In their attempts to rationalize defeat, denizens of the Republican right have crafted some spin that quickly evaporates when exposed to factual reality. No surprise there.

The key word is "stuff." The spin is that President Obama was propelled to victory by government-dependent voters who want to keep getting "stuff." This line of reasoning (and I used that word advisedly) is designed to comfort conservatives. It's a way for them to say, hey, it's not our fault we got thumped last week, it's the fault of all those selfish slackers out there.

Bill O'Reilly lapsed into excuse mode on election night: "There are 50 percent of the voting public who want stuff. They want things. And who is going to give them things? President Obama." But he didn't come up with that talking point on his own; it has long been a conservative mantra. Which is why shape-shifting Mitt Romney naturally saw fit to repeat it.

During his pre-nomination pander tour, Romney plucked those chords during his infamous private meeting with fat-cat fundraisers in Florida. And two months later, in July, he did it again. During a stump speech in Montana, he said that anyone who wants "more stuff from government...more free stuff" should just vote for Obama. This talking point has been dutifully echoed, post-election, by the usual online trolls and by the usual talk show characters, like Laura Ingraham, who used her blog to scold Obama voters for failing to "put the good of the country ahead of their personal wants."

Actually, what's most striking is not the sneering condescension - the same condescension that turned off millions of voters in the first place, and that helped grease the GOP's defeat. No, what's most striking is that the conservative complaint is so hypocritically fact-averse.

I'll prove my point by quoting David Frum, a former George W. Bush speechwriter and a conservative who dwells in the reality-based community. He commented the other day about the "stuff" argument. Over to you, sir:

"The federal government spends seven times as much money on people over 65 as it does on people under 19. The Republican base are the people who get the most from the federal government. You can't think if you reject facts. You can't refer to minority groups as mendicants or moochers simply because they want the economy to function. We need to insult fewer people."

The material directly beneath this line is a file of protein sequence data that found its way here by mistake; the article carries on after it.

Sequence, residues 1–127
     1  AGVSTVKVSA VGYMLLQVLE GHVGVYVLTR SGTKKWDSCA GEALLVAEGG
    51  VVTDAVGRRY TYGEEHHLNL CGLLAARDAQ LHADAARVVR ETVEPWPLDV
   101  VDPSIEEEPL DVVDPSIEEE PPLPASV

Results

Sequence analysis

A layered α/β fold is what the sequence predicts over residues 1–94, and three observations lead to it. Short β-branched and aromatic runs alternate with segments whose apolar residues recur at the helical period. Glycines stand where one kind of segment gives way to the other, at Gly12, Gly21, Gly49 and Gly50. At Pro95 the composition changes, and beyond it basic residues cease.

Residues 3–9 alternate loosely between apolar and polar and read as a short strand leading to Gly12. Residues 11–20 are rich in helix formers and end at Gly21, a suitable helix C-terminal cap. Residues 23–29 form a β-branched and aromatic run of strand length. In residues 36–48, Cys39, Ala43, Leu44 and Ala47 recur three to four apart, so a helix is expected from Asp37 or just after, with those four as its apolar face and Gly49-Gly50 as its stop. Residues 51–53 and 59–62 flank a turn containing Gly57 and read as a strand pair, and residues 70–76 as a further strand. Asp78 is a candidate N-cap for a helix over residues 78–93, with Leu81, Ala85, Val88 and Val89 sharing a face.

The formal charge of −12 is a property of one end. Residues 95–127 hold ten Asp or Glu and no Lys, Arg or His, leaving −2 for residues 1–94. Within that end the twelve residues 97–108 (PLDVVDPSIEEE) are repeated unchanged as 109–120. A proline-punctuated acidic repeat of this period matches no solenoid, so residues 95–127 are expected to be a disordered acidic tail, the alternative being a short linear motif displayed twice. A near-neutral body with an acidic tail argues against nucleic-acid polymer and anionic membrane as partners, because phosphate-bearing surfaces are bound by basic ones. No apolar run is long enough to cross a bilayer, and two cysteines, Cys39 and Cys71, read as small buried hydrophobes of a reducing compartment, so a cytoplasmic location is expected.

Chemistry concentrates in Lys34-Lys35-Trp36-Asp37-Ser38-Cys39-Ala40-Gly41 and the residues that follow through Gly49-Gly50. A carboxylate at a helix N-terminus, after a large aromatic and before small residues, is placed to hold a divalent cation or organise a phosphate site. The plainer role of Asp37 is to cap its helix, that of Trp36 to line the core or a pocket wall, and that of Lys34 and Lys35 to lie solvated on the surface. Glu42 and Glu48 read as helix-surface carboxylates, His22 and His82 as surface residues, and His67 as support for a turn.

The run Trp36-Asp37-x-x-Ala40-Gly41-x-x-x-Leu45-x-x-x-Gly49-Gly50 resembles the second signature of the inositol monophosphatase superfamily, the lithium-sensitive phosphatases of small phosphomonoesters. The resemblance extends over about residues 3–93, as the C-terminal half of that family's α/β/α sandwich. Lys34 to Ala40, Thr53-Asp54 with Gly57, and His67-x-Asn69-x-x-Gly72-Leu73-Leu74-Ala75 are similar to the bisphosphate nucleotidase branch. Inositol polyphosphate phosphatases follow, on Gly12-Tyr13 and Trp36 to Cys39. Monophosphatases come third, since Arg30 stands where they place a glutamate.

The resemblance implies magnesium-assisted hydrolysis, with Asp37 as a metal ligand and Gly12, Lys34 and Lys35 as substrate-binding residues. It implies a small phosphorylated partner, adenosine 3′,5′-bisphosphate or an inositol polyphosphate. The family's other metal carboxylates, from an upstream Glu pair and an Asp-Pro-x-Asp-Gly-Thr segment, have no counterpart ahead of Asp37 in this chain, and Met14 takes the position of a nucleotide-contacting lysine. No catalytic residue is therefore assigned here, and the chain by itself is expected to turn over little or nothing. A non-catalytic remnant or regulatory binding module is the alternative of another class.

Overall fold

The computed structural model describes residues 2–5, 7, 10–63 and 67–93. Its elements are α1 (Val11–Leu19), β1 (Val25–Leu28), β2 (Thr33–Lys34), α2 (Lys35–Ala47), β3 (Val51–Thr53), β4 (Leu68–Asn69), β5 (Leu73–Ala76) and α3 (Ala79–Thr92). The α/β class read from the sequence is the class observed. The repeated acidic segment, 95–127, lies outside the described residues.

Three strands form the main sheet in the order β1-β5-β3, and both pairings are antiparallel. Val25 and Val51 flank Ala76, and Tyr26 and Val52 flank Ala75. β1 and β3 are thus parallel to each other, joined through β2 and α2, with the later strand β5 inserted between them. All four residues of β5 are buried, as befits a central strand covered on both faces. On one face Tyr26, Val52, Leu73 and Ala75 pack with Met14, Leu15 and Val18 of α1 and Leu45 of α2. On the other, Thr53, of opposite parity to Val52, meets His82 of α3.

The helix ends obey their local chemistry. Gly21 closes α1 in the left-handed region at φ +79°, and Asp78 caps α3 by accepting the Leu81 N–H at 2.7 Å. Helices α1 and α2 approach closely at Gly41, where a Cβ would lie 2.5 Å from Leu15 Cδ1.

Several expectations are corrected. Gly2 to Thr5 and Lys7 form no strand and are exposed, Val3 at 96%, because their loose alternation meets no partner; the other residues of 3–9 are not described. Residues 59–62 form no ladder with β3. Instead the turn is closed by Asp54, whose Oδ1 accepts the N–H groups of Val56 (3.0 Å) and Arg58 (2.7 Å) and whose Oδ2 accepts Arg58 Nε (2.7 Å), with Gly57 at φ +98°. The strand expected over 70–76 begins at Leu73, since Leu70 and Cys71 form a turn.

Those first two sentences constitute the slam dunk. The people who get the most government "stuff" and government "things" - most notably, Medicare and Social Security - are actually the seniors. And seniors have always been the age cohort most resistent to Barack Obama; indeed, this year seniors were a reliable segment of the Republican base. And Romney nurtured them assidulously, by warning (falsely, of course) that Obama was planning to cut their Medicare. Romney had no problem with the idea of defending the seniors' "stuff."

The point is, everybody gets "stuff." Corporations get corporate welfare. Rich people get tax loopholes. Middle class people get the home interest mortgage deduction. But when people at the low end of the economic ladder get "stuff," conservatives go nuts. "Stuff" for the less fortunate is nothing more than a government bribe - or, as Washington Post conservative blogger Jannifer Rubin puts it, the Obama team won the election by "feeding its base cotton candy."

But to really appreciate the right's hypocrisy, check out the data presented recently by political scientists Suzanne Mettler and John Sides. In a September article, they drilled down into a 2008 national survey conducted the Cornell Survey Research Institute - which had asked Americans whether they had ever taken advantage of any of 21 programs provided by the federal government. The key takeaway: "97 percent of Republicans and 98 percent of Democrats report that they have used at least one."

And this was just as important: "Where Americans actually differ is in how they think about government’s role in their lives. A major driving factor here is ideology: conservatives were less likely than liberals to respond affirmatively when asked if they had ever used a 'government social program,' even when both subsequently acknowledged using the same number of specific policies."

There it is, cognitive denial in action. Republicans partake in "stuff" and "things" and "cotton candy" at virtually the same rate as Democrats do; the only difference is, they're less willing to cop to it.

In other words, they'll never come to terms with what happened last week until they stop maligning so many of their fellow Americans so hypocritically. As David Frum put it best, "You can't think if you reject facts."

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